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In all of our Summer Vacation profiles, we make mention of four-year F/+ Average as one of the best predictors available. As I've said a thousand times over the last couple of years, the best predictor of college football success is past success, and four-year history has nearly equal correlations to future success as last year's performance. Though obviously the quality of a 2011 team has little to do with who may have been in uniform in 2007 -- Pat White has little to do with Dana Holgorsen and the 2011 WVU offense, for instance -- four-year history paints a pretty clear picture of overall program health, depth and potential.

So ... what else can four-year history tell us? For starters, it's a pretty good tool for evaluating conferences as a whole. And it certainly gives us interesting results. In the future, we're going to look at this to review some conference realignment scenarios, but we should start with the basics. Below is a look at conferences ranked by four-year averages; for this example, I removed each conference's maximum and minimum, but the order remains almost the same if you count all teams.

And as a reminder, F/+ rankings are the official rankings for the college portion of Football Outsiders. They combine my own S&P+ rankings (based on play-by-play data) with Brian Fremeau's drives-based FEI rankings.

Conference 4YR F/+ Avg Top Four Only
SEC 11.3% 20.7%
Pac-10 7.0% 15.5%
Big East 6.4% 11.8%
ACC 6.3% 13.3%
Big Ten 5.4% 15.7%
Big 12 4.4% 15.9%
Mountain West -3.7% 10.8%
Conference USA -7.1% 0.0%
WAC -9.7% 2.6%
MAC -10.8% -6.7%
Sun Belt -13.2% -8.3%

So here's a question right off the bat: how do you evaluate conferences? Top to bottom? Top only? Because looking at things simply as a matter of average (even with max and min removed) gives us some odd results.

The Big East's top four barely average better than those of the Mountain West ... but top to bottom, they are actually stronger than quite a few conferences -- only one team (Syracuse) has a four-year average below Louisville's minus-0.9%. As it was constituted last year, the Big 12 had four teams below minus-0.9%, five below zero. But the Big 12's top four teams were quite a bit better than the Big East's.

Comparing the Big East to the Big 12 is but one example, obviously. The Big Ten is generally considered stronger than the ACC -- and indeed, the Big Ten's top four teams are superior -- but while the ACC has one team with a four-year average below zero, the Big Ten has four. So is top-to-bottom depth a very good thing, or do you need some potential title contenders to be considered strong?

After the jump: a conference-by-conference look.

Team Conference 4YR F/+ Avg Rk
Florida SEC 26.4% 1
Alabama SEC 23.5% 4
LSU SEC 18.3% 10
Auburn SEC 14.4% 14
Georgia SEC 12.8% 16
Arkansas SEC 12.3% 18
South Carolina SEC 12.0% 19
Tennessee SEC 7.6% 37
Ole Miss SEC 5.7% 42
Kentucky SEC 3.4% 46
Mississippi State SEC 3.2% 48
Vanderbilt SEC -5.5% 77

Four-year average gives you a decent look at how teams might be expected to finish in this summer's Football Outsiders Almanac 2011 projections. Last year does carry more weight than four years ago when all is said and done, but this does hint that Auburn, with only a good-not-great four-year average and a low number of returning starters, will not be starting out too high.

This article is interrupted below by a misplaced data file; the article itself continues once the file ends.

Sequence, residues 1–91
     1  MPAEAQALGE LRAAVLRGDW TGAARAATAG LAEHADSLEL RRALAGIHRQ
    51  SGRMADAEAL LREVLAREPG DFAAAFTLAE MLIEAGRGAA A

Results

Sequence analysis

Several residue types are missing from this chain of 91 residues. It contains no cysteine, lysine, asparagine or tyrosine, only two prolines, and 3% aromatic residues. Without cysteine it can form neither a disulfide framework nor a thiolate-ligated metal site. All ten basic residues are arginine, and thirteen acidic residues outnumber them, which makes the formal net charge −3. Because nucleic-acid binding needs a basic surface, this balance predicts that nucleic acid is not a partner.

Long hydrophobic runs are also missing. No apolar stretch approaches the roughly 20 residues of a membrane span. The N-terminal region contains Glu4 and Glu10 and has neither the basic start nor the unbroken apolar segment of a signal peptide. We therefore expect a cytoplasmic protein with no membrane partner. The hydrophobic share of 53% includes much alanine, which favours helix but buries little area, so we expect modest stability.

How does the SEC get to a comfortable No. 1? Just look at the seventh-place team. The SEC's is South Carolina at 19th. The ACC: 39th. The Big Ten: 45th. The Pac-10: 47th. The Big 12: 56th. The Big East: 66th. All 12 teams have made bowl games in the last 12 years, and 11 rank 48th or better. But you already knew the SEC was No. 1. It's everything after No. 1 that is interesting.

Team Conference 4YR F/+ Avg Rk
USC Pac-10 20.9% 6
Oregon Pac-10 20.2% 7
Oregon State Pac-10 10.9% 25
Stanford Pac-10 9.7% 28
Arizona Pac-10 8.6% 34
California Pac-10 5.7% 41
Arizona State Pac-10 3.2% 47
UCLA Pac-10 0.3% 58
Washington Pac-10 -3.1% 69
Washington State Pac-10 -17.3% 114

After the results of 2009-10, it's almost possible to forget how good USC has been within what is still a rather small frame of time. They were great in 2007 and 2008, and they're still the conference's pre-eminent program from a 20,000-foot view. At least for now. Oregon's catching up awfully quickly.

In all, though the F/+ formulas (particularly those making up the S&P+) were not impressed with Oregon's schedule last year, the numbers do respect the Pac-10 as a whole. Removing the maximum and minimum helped the Pac-10 more than any other conference, since their 'minimum' team (Wazzu) has been incredibly awful.

Two other notes here: 1) Oregon State is an extremely underrated program, and 2) Stanford was really, really good last year -- they had to be to counter some awful 2007 numbers.

Team Conference 4YR F/+ Avg Rk
West Virginia Big East 15.7% 12
Pittsburgh Big East 11.7% 22
Cincinnati Big East 10.8% 27
South Florida Big East 8.8% 31
Connecticut Big East 5.8% 40
Rutgers Big East 1.9% 52
Louisville Big East -0.9% 66
Syracuse Big East -7.6% 81

Like USC, we forget how good West Virginia was not very long ago. They were a top team in 2007, and because of that, they still hold a solid edge overall. And in all, the balance of power has shifted just enough from year to year that only one team finishes in the Top 20 ... but five finish in the Top 40.

Again, I'm not going to try to tell you that the Big East is the third-best conference, but if we value quality at the bottom as much as quality at the top, the Big East's depth of solid, unspectacular teams helps them out from a numbers perspective.

Team Conference 4YR F/+ Avg Rk
Virginia Tech ACC 19.4% 8
Clemson ACC 13.3% 15
Florida State ACC 11.7% 23
Miami ACC 8.8% 32
Boston College ACC 8.7% 33
North Carolina ACC 7.2% 38
Georgia Tech ACC 6.6% 39
Maryland ACC 2.5% 50
N.C. State ACC 2.5% 51
Wake Forest ACC 1.4% 54
Virginia ACC 0.1% 59
Duke ACC -6.9% 79